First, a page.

Cynics with knowledge of Russian history just might conclude that the Abkhazia business was a ploy, a set-up that could just as easily have been planned by the Tsarist Okhrana or the KGB. If one looks closely at recent events, Abkhazia is not a Russian target, but Georgia is. Thus, should any terrorist act occur at the Winter Olympics the Russians may have been in the process of creating a scapegoat. While all eyes are fixed on Chechnya and its Islamist radicals, one should not forget that Russia will do just about anything to eliminate the Republic of Georgia, and an incident at the Olympic Games could serve as just the excuse that is needed. THE CAUCASUS EMIRATE Sochi, located on the Black Sea, has been the unofficial summer capital of Russia since Stalin ruled the Soviet Union. As a city of only some 350,000 residents, assuredly the large numbers of security forces that will be needed to protect the Winter Games venues and the city itself can’t help but be noticeable. The so-called Caucasus Emirate (Kavkaz Emerat) is said to be responsible for the arms in Abkhazia. It was the same group of radical Islamists that had been responsible for the suicide bombing at Moscow’s Domodedovo airport in January 2011 and the Moscow metro bombings in 2010. Only days following the arms discovery in Abkhazia, Nasir Gadzhikhanov the deputy sports minister of violence-plagued Dagestan and former Olympic silver medal winner in wrestling, was shot dead by assailants unknown in the Dagestan capital, Makhachkala. Dagestan had suffered an increasing number of terrorist attacks over that year. The perpetrators may be Islamist militants or crime syndicates, which in certain cases are one and the same. Abkhazia with its boundary on the Black Sea, and Dagestan with its capital on the Caspian Sea, form the two hinges of the Caucasus portal. Although the distance from Makhachkala, Dagestan, to Sukhumi is only some 350 miles, Dagestan is separated from Abkhazia by an alphabet soup of Russian republics beginning with Chechnya, followed by Ingushetia, North Ossetia, Kabardino-Balkaria, and Karachay-Cherkessia. None of them are free from Islamist penetration or terrorist acts. In 2010 the Stratford Group published information linking the Kavkaz Emerat to suicide bombings that targeted Russia’s Interior Ministry offices. Terrorist attacks were regular occurrences in Russia’s southern-most republics of Chechnya, Ingushetia, Dagestan, Kabardino-Balkaria and North Ossetia. Islamists belonging to the self-proclaimed Caucasus Emirate have attacked Russian security forces and Republic officials through the use of suicide bombers, vehicle-borne improvised explosive devices, armed assaults, and targeted assassinations. Ingushetia’s president Yunus-bek Yevkurov was seriously wounded in June 2009. The militants were reported to “have also returned to attacking the far enemy in Moscow and not just the near enemy in the Caucasus.” In November 2009 the Nevsky Express that runs between Moscow and St. Petersburg was bombed, killing 30 people. And a bomb at the Siberian Sayano-Shushenskaya hydroelectric dam did serious damage and killed 74 people. In March 2010 two female suicide bombers detonated IEDs in Moscow’s underground rail system killing 40 people. In the Caucasus, the Jamestown Foundation Eurasia Daily Monitor (1 June 2012) reported that security in Ingushetia, the smallest and youngest republic of the Russian Federation, had steadily diminished over the previous two years. This, despite the fact that the leadership of the Sharia Jamaat-a regional Islamist organization determined to create what it calls “the Velayat of Ingushetia within the Caucasus Emirate”-had been seriously diminished. It is only the anti-terrorist activity of the Russian security services (FSB) that guarantees the survival of a very ruthless and unpopular government. THE ISLAMIST PRESENCE After more than four centuries of interaction, the Russian intelligence services are hardly ignorant of the Islamic presence in the Caucasus and the potential for conflict. (Lt. Col. Robert W. Schaefer, a former Special Forces expert in Russian affairs has provided an indispensible history of that relationship in his book “The Insurgency in Chechnya and the North Caucasus: From Gazavat to Jihad,” Praeger, 2011). Following in the wake of a Soviet diplomatic success, the Soviet penetration of Egypt began in the late nineteen fifties. From that date forward, the resilience of Egypt’s Muslim Brotherhood (Ikhwan al-Muslimun) has been of particular concern to the Soviet Union’s intelligence services. Following the Soviet invasion of Afghanistan in December 1979, the Soviet intelligence agencies followed very closely the growth of the ultra-conservative Islamist (Salafist) movements, both abroad and in Russia itself. As far as Soviet intelligence agents were concerned there was no difference between the Ikhwan and radical Islamist organizations that sprung up during and after the war in Afghanistan. KGB chief Leonid Shebarsh, for one, argued that there was no such thing as Al Qaeda; there was only the Ikhwan. And when the nascent Islamist revolt surfaced in the Caucasus in the late nineteen eighties the Soviet Union was convinced that the Ikhwan was behind a movement that was being funded by one of its fraternal organizations-the Wahhabis of Saudi Arabia. Even today, there is the unwillingness to differentiate, at least publicly, the activity of the Muslim Brotherhood on the one hand and Islamist terrorist organizations such as Al Qaeda on the other. (See: “Russia Suspects Jordanian of Planning Poison Attacks in Chechnya“) And after years of internecine combat Russia’s RIA-Novosti reported that the actual command and financing of the “Amanat” (Amanat jamaat, or the Muslim community) in Chechnya and Ingushetia was “an emissary” of the Muslim Brotherhood. (“MOSNEWS: Former KGB Chief Reveals Supernatural Truth“) Beginning in the new millennium the post-Soviet Russian Federal Security Service (FSB) has exposed a network of militant Islamic cells run by extremists seeking “to stir up trouble” in both Russia and the Commonwealth of Independent States (CIS). The FSB searched the Moscow offices of “several organizations, which had been created by the extremist wing of the Muslim Brotherhood movement.” Such an action was necessary, the FSB asserted, because the Muslim Brotherhood had set up clandestine branches across Russia, including one in Moscow. News reports claimed that the Kuwait Joint Relief Committee (KJRC) supported the Moscow branch of the group, a Kuwait based charity with long ties to the Muslim Brotherhood. In November 2000 the Russian FSB listed 2000 “structures” linked to the Muslim Brotherhood in some 49 (of 89) Russian regions, and in the CIS countries” (Transcaucasia, Central Asia, and Ukraine).” The Ikhwan, it was claimed, was connected to charitable entities sponsored by organizations in Kuwait, Yemen, Palestine and Egypt. (“Russian Security Services Uncover Muslim Brotherhood Operations,” IslamOnline.net, 18 October 2000; Mikhail Falkov, Arktogaia Forum on Geopolitics and Politology, “The Wahabites’ Anti-Eurasian Crimes, April 11, 2001.) Of special concern to Russian intelligence was the Society for Social Reform, headed by Ramis Khalitov and funded by the notoriously salafist Kuwait Joint Relief Committee. The KJRC, chaired by Yousef al-Haji (in 2004), maintained an office in Chimkent, Kazakhstan, administered by a Jordanian Ali Salah Ali Zaitar. Both men were tied to the international Muslim Brotherhood. In addition, the FSB claimed it had evidence that the KJRC was providing ideological, military and financial support to Chechen separatists and extremist movements in Muslim regions of Russia and Central Asia (just as is being done in Syria today). It was Dagestan that would serve as the nexus from which Islam would be expanded to the whole of the Caucuses. The culmination of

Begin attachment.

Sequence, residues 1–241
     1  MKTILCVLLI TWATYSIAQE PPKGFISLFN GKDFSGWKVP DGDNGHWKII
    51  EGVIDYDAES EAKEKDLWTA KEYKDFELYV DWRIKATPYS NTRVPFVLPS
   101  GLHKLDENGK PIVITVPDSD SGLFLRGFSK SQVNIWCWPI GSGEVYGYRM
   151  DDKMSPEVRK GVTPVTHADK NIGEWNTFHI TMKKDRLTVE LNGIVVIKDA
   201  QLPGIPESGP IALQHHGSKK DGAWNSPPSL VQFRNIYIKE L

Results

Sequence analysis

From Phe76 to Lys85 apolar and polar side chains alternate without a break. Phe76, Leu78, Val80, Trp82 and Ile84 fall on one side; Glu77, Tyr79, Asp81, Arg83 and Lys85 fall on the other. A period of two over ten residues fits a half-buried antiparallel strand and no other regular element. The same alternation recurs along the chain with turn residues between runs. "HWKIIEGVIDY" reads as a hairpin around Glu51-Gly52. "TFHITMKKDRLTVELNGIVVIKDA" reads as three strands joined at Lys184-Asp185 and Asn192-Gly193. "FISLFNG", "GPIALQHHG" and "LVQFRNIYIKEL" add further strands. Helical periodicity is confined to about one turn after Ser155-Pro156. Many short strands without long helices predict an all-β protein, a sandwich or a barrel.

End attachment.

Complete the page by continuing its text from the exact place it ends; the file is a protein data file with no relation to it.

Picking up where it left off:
the strategy was to unite Chechnya and Dagestan in a single Islamist state. CHECHNYA AND DAGHESTAN: BACKGROUND Chechnya itself had formed a part of Dagestan, a Muslim state in the Caucasus, which Russia conquered in 1859 after thirty-four years of fighting. Later, during the Civil War in Russia, the Dagestani’s declared independence in 1917. Many of its leaders supported the Red Army believing that the Communists, if victorious, would recognize their independence. Their freedom endured, however, only until 1925 when the Soviet Union reoccupied Dagestan. The Chechnya Autonomous Region was then established in a move to fragment the Muslims of the Caucasus while “appearing to give recognition and autonomy to different linguistic groups.” Islam was banned and mosques and madrassas were closed, and in 1944 the population was accused of aiding the German invaders. Chechens were shipped off to Siberia and to Kazakhstan. Before their return in 1965, an estimated one-third of the Chechen population had died. Under the Soviet yoke, Chechnya, overwhelmingly Muslim, had little going in its favor; in contrast, Dagestan bordered the oil rich Caspian Sea and its petroleum reserves were important to Russia. In the early nineteen-nineties the Islamist revival movement in the Caucasus was spearheaded by Begauddin Kebedov, the director of the Islamic Community of Dagestan (Jamaat Islamiya Dagestan). A charismatic individual, Kebedov preached jihad against his enemies, both Islamic and Russian. It was shortly after his emergence that there emerged a growing affinity involving Islamist organizations in the Caucasus and the international Muslim Brotherhood. Russian intelligence services were aware that, “A high ranking representative” of the Egyptian Muslim Brotherhood was known to support both Bagauddin and “the Salafis” who were ideologically close to the Dagestani. In addition to help from the Muslim Brotherhood, the Islamist revival in Chechnya was supported by a number of international Islamic charity organizations. Many were, “more or less connected with Saudi Arabia and other Arabic countries,” and operated through Begauddin Kebedov. He received funds from powerful and well-funded Saudi charities including the Al Haramain, the International Islamic Relief Organization, Taibah International Aid Organization and the World Assembly of Muslim Youth (WAMY). (Dmitry Makarov, “Dagestan’s Approach to the Islamic Mega-Area? The Potentials and Limits of Jihadism,” Slavic Research Center, Hokkaido University, Japan, 4 October 2005.) WAMY, a Saudi-funded organization, established a publication bureau called Santlada (after a mountain village in Dagestan that was the home of Begauddin Kebedov), and it began to publish and distribute Islamist literature in Russian, Arabic and other languages. As the Soviet Union began to disintegrate, the first National Congress of the Chechen People was held in Grozny in November 1990. It was permeated by actual and former Muslim Brothers, and included members of the Chechen community that had settled in the Levant who pledged money and men to the cause of freedom for Chechnya. In October 1991 the Chechnya Autonomous Region declared its independence from Russia, and Dzhokar Dudayev, the former Soviet Air Force General who during WWII had been among the children deported to Kazakhstan, was elected president of the Chechen Republic of Ichkeriya and its 1.3 million people. This was the stimulus for an insurgency that would take thousands of lives as the Chechens fought for independence and Russian forces sought to maintain the political integrity of a weakened Russia. In effect, a scorched-earth policy was introduced in Chechnya. IN SEARCH OF FRIENDS Shortly following the 30 June 1989 revolution in the Sudan, which brought an Islamist government and a number of Muslim Brothers to power, the Chechen rebels found a safe-haven for their operation. However, even though Sudan was a friendly site, the nation itself was impoverished. Itself entangled in a long civil war, the Khartoum Islamists were unable to provide the funds that the Chechens needed to ensure the success of their insurgency. Thus, in October 1992 Dzhokar Dudayev visited Houston, Texas, where he met with oil industry leaders who he hoped would provide his Chechen government badly needed oil field supplies and upgrade refinery capability. For the oil men who participated, Chechen oil was far away and Chechnya was just too close to Russia. Thus the oil men declined. Dudayev continued with a whirlwind tour of Jordan, Iraq and the Sudan, returning to Chechnya in late November with not much to show for his trip. The situation looked more promising when the Second Popular Arab and Islamic Conference convened at Khartoum in late 1993. (The PAIC would soon acquire a sinister “Terrorist Internationale” nom de guerre.) Led by Hasan al-Turabi, a noted Muslim Brother leader, support for Chechnya had already been achieved prior to the opening of PAIC II at a special conference held in March 1993, during which a nine-man Majlis al-Shuyukh (Council of Seniors) was formed. It issued a four-pronged strategy to govern future PAIC activity: (a) Every secular Muslim government was controlled by Westernized elites; (b) The elites would “not be able to meet the forthcoming Jihadi challenge”; (c) Secular governments would thus force the Western nations to fight for them; (d) The jihad was the “only alternative to the status quo in the Muslim world.”(Amir Taheri, “What Bullets Cannot Win Ballots Can,” Al-Sharq Al-Awsat, 16 June 2006.) It was the Majlis al-Shuyukh that would be responsible for the ordering of revolutionary activity and the funding of revolutionary organizations, and Chechnya was high on the list. At the PAIC II conference Dudaev was present, and his jihad in Chechnya was featured. Indeed, the quest to create an Islamic republic in the Caucasus was about to come to a head. Still, when it came to funding, that revolution was soon forced to take a back seat to the conflict in Bosnia and the Balkans. In addition, the Chechens had to compete for funding sources that assisted: the Intifada in the West Bank, the growth of Hamas in Jordan, the Hezbollah in Lebanon, and the Taliban in Pakistan, plus the War of the Warlords in Afghanistan. Nonetheless, Sudan’s Hasan al-Turabi was eager to help. The Sudan was soon serving as one terminus of an operation supported by Al Qaeda and its leader and Khartoum resident, Osama Bin Laden. Both Bin Laden and Turabi were determined to steal a march on Saudi Arabia’s Wahhabi clerics and their international Islamic charities that had already made Chechnya a center of their activity. Saudi Arabian activity in the Caucasus benefitted enormously following the opening of a Saudi embassy in Moscow in September 1990. Diplomatic relations between the two countries had been preceded by a secret visit of a member of the wealthy and politically connected Bin Laden family. With the presence of an embassy in Moscow, there came a plethora of Saudi-backed charities. Their activities were believed to be supervised by agents of the Saudi intelligence service (KSA) under the direction of Prince Turki al Feisal. (The Russian intelligence services would soon attack the Iqraa International Foundation, a “charity” supported by Saleh Abdullah Kamel, head of the powerful Dallah al Baraka group of Saudi Arabia.) OTHER PLAYERS Following PAIC II Pakistan’s military intelligence service (ISI) became directly involved in Chechnya. And in spring 1994, Pakistan Minister of Interior General Nassiroulla Babar, and head of the ISI Djavid Ashraf, initiated Pakistan’s clandestine support for Dudayev and for his “Islamic state.” Meanwhile, in Washington at least one analyst saw that the international Islamist leadership led by Iran and Osama Bin Laden in the Sudan had, “adopted the Chechen war as a Jihad.” Caucasus mujahedeen were trained in Khartoum and Pakistan. And once trained, fighters were funneled through Al Qaeda guesthouses and Islamic aid agencies that were active in Ankara, Turkey, and Baku, Azerbaijan. By